The worst chemicals, they assert, are parabens, synthetic musks and phthalates. All of these man-made chemicals are thought to be responsible for male reproductive damage, cancer, hormone disruptions, and even birth defects, and guess what? They’re predominant in many commercial brands of perfume and body sprays.


Scary Studies

It’s not easy to analyse exactly what top perfumes contain, since as mentioned, manufacturers are not obligated to say so by law. But the Campaign for Safe Cosmetics, a non-profit group with coalition members from the Breast Cancer Fund, Environmental Working Group, Clean Water Action, and other public and environmental health organisations, researched some top-selling fragrances – and they were startled at what they found.

Most products the looked at contain a dozen or more secret chemicals not listed at all on the labels, and multiple chemicals that are know to set off allergic reactions or disrupt hormones. Many have never even been tested for safety on humans.

All 17 of the popular fragrances tested contained chemicals not disclosed on the labels. Brands tested included:

  • American Eagle Seventy Seven
  • Chanel Coco
  • Britney Spears Curious
  • Giorgio Armani Acqua di Gio (for men)
  • Old Spice After Hours Body Spray (for men)
  • Quicksilver (for men)
  • Calvin Klein Eternity
  • Bath & Body Works Japanese Cherry Blossom
  • Halle by Halle Berry
  • Hannah Montana Secret Celebrity
  • Victoria’s Secret Dream Angels Wish
  • Jennifer Lopez J. Lo Glow
  • AXE Body Spray for Men
  • Clinique Happy Perfume Spray
  • Dolce & Gabbana Light Blue

Here’s what the researchers found, on average:

  • Ten chemicals associated with allergic reactions like asthma, wheezing, headaches and contact dermatitis were found in all the products. Giorgio Armani Acqua di Gio contained 19 different sensitizing chemicals, more than any other product in the study.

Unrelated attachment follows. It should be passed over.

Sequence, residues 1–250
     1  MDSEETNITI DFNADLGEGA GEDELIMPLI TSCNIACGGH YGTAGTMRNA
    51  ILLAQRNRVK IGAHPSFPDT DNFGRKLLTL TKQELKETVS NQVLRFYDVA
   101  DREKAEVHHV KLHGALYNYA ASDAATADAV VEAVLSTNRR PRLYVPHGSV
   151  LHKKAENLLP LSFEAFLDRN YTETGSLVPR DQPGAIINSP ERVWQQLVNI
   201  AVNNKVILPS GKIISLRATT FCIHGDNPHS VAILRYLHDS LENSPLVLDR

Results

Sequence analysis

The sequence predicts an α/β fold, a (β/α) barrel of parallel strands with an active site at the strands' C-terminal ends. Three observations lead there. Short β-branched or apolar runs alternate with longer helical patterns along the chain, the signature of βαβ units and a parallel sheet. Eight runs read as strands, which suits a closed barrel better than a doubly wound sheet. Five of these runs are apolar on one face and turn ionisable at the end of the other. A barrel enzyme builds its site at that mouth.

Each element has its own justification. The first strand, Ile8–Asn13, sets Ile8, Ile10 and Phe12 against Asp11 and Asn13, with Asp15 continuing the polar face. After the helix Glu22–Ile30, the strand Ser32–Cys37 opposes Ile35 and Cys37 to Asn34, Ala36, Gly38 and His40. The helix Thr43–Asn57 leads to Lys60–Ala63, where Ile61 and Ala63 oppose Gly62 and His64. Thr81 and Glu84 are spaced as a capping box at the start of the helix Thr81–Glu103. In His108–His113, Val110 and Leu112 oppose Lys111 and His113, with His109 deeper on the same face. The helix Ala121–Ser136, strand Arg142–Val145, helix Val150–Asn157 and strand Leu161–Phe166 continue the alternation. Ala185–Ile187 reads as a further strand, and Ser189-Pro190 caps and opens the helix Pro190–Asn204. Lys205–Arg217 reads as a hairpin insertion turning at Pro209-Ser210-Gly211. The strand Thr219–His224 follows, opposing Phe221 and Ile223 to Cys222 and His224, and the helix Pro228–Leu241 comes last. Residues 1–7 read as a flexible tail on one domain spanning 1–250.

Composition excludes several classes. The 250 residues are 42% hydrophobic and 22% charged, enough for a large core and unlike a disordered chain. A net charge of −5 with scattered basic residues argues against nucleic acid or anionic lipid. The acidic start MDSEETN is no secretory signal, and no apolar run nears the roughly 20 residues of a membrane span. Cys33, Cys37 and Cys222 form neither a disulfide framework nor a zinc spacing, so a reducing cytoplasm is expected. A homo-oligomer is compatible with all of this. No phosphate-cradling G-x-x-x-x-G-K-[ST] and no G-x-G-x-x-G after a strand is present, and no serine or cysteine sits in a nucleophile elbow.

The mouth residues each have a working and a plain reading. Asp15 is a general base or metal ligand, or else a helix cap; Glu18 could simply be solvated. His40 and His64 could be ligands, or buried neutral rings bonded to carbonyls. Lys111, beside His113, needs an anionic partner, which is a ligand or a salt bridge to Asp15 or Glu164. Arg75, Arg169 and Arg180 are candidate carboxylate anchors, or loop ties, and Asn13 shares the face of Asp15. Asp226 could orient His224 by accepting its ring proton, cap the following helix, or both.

• Four hormone-disrupting chemicals linked to a range of health effects including sperm damage, thyroid disruption, and cancer. Halle by Halle Berry, Quicksilver, and Jennifer Lopez J. Lo Glow each contained at least seven different chemicals with the potential to disrupt the hormone system.

And those are just a few of the results, coming from just a handful of scents. The study didn’t even include things like the perfumes in scented candles, fabric softeners, air ‘fresheners’ or laundry detergents. Pretty scary stuff.


So, What Can You Do?

Even if your favourite commercial scent wasn’t listed above, chances are it probably contains at least some of the sensitising chemicals found in the brands above. The solution to avoiding illness from chemical scents is simple: choose organic brands of household cleaners and personal grooming products, which are forbidden by labelling laws to contain harmful ingredients.

As for perfumes themselves, it’s smart to opt for a more natural brand such as Abel Vintage, Coqui Coqui or Honore Des Pres. These are far less likely to cause allergic reactions or damage your health, but are sometimes a bit more expensive, as natural oils have become more costly than man-made chemicals.  Still it’s well worth it: you’re paying for quality ingredients rather than expensive advertising campaigns, which is the main reason behind the price of most commercial scents.

With more complex bouquets on offer from an increasing number of specialised companies, a healthier lifestyle has never smelled so sweet.

Further Reading

Chere Di Boscio